The sharp spike in interest rates this year has created havoc for financial markets. U.S. stocks (S&P 500) have fallen 22%. Bonds have fallen 16%. It’s been downright excruciating for investors.
Without a doubt, inflation is the concern of the day. It’s a serious issue and the Federal Reserve has taken dramatic action to address it, raising interest rates much faster than any other time in history. How much will be necessary? When will inflation begin to abate? Will we avoid a recession?
These are questions that the markets are continually trying to answer, constantly looking ahead and trying to anticipate where the economy is headed. But it’s never a clear view. Surprises frequently occur.
The current situation is a good example. Financial markets and the Federal Reserve were both seemingly caught off guard. Lest we forget, when prices began rising, the term “transitory” was used ad nauseum to describe the increases. It seemed reasonable, given pandemic related supply-chain issues, but it turned out to be quite wrong. In the face of steadily rising inflation, stocks posted gains of nearly 27% last year. Then came the realization that it wasn’t so “transitory” after all.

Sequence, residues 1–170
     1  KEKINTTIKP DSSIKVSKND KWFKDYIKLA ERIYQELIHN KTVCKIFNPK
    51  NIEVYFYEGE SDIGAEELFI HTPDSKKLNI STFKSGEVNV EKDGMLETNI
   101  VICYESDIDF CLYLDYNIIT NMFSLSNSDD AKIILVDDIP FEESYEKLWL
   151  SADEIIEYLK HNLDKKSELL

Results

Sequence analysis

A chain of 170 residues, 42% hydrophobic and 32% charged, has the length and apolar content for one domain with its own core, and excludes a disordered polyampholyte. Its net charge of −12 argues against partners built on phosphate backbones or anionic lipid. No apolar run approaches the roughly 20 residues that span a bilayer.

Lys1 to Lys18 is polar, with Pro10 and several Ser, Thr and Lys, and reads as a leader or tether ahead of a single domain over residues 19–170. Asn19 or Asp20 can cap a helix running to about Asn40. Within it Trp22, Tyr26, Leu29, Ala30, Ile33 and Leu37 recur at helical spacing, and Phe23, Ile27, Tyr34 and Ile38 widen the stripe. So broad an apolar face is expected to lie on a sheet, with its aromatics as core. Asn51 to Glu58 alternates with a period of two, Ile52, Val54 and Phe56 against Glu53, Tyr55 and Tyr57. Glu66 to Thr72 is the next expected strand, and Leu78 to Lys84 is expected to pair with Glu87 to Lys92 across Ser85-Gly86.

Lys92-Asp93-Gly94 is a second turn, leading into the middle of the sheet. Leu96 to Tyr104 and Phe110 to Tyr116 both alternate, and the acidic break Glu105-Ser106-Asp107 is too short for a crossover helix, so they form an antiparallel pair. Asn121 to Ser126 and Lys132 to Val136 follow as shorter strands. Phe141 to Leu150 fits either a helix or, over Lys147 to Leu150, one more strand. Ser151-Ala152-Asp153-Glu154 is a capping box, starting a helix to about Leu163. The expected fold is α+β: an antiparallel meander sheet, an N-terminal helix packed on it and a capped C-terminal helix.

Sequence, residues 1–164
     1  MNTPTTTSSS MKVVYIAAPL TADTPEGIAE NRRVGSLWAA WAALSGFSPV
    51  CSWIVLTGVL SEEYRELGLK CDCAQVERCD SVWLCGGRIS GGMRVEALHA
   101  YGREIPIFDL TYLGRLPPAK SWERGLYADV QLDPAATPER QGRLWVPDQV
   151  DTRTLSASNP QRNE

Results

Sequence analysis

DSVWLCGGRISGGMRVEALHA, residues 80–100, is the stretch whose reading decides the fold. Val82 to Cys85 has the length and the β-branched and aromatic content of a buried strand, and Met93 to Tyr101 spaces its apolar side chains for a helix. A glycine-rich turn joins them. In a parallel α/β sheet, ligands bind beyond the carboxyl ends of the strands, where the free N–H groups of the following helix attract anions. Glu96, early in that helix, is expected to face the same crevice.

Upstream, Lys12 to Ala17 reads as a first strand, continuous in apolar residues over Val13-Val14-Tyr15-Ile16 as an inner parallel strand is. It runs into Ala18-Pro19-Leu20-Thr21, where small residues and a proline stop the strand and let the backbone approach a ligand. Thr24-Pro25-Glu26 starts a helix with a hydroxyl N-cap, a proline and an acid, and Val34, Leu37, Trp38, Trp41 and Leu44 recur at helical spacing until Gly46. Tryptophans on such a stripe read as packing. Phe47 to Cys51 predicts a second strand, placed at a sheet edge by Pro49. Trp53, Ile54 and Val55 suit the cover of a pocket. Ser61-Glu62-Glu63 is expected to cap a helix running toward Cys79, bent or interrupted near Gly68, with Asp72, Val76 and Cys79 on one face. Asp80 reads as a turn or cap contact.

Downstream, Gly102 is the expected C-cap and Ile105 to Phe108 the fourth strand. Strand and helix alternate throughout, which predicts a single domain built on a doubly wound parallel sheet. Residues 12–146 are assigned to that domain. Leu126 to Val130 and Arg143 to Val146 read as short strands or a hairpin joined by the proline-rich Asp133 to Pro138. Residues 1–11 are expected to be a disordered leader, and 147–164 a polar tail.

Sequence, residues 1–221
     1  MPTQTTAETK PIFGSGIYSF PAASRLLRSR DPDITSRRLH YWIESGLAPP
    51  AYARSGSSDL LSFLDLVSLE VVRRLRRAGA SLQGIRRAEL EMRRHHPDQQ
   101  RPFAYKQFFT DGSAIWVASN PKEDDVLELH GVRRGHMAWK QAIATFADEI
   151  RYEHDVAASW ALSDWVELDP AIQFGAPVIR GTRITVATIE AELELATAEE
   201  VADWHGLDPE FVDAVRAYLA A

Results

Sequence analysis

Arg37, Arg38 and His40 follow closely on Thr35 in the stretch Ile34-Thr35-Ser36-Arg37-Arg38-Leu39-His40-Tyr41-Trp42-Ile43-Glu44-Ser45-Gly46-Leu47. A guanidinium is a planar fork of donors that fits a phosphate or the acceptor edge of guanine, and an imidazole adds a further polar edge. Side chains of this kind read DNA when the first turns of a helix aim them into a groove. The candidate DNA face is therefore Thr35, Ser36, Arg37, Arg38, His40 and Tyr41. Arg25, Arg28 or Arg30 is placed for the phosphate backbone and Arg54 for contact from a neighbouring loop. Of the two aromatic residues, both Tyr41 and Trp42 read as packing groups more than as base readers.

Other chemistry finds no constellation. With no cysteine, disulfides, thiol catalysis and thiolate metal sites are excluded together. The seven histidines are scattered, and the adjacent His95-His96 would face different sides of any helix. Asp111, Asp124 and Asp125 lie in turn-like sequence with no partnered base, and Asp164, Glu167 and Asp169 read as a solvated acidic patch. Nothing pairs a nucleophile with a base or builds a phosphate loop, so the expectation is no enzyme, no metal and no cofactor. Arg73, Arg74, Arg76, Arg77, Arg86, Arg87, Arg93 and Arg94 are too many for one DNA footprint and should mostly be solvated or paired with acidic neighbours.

We should also consider that two years ago the primary concern was persistently low inflation. Despite interest rates that remained near zero for the better part of a decade, the Fed simply could not get inflation up to its 2% target. The inflation rate stood at a mere 1.2%.
The unfortunate reality is that nobody fully understands inflation. Models and theories abound and economists feign confidence, but reality is complicated and messy. If it were well understood, it’s safe to say inflation wouldn’t be at a 40-year high.
The important lesson here is that an awful lot can change in a short period of time. Attempting to forecast the timing and exact course of events would seem rather foolish. Yet, looking ahead, although the how and when are ambiguous at this point, it’s a good bet that today’s inflation issue will be resolved. Economic challenges have come and gone throughout history, and stocks have generally responded quickly to signs of improvement along the way. As a result, patient investors with fortitude and a long-term focus have been rewarded.
Our brain is wired to avoid pain in trying times and to become overconfident in good times. This is why people don’t want to invest when times are rough and why they want to invest more in the stock market when it is hot. This is exactly the opposite of what you should do!
Your asset allocation is constructed based on how much risk you can take and your time horizon. By continued investing and rebalancing, you should come out fine in the long run. We’ve been through many market cycles – our job is to keep you from getting overly excited when stocks are running hot and to not succumb to fear and sell out when the market is in a freefall. Let us know what we can do to help keep you sane during these turbulent times.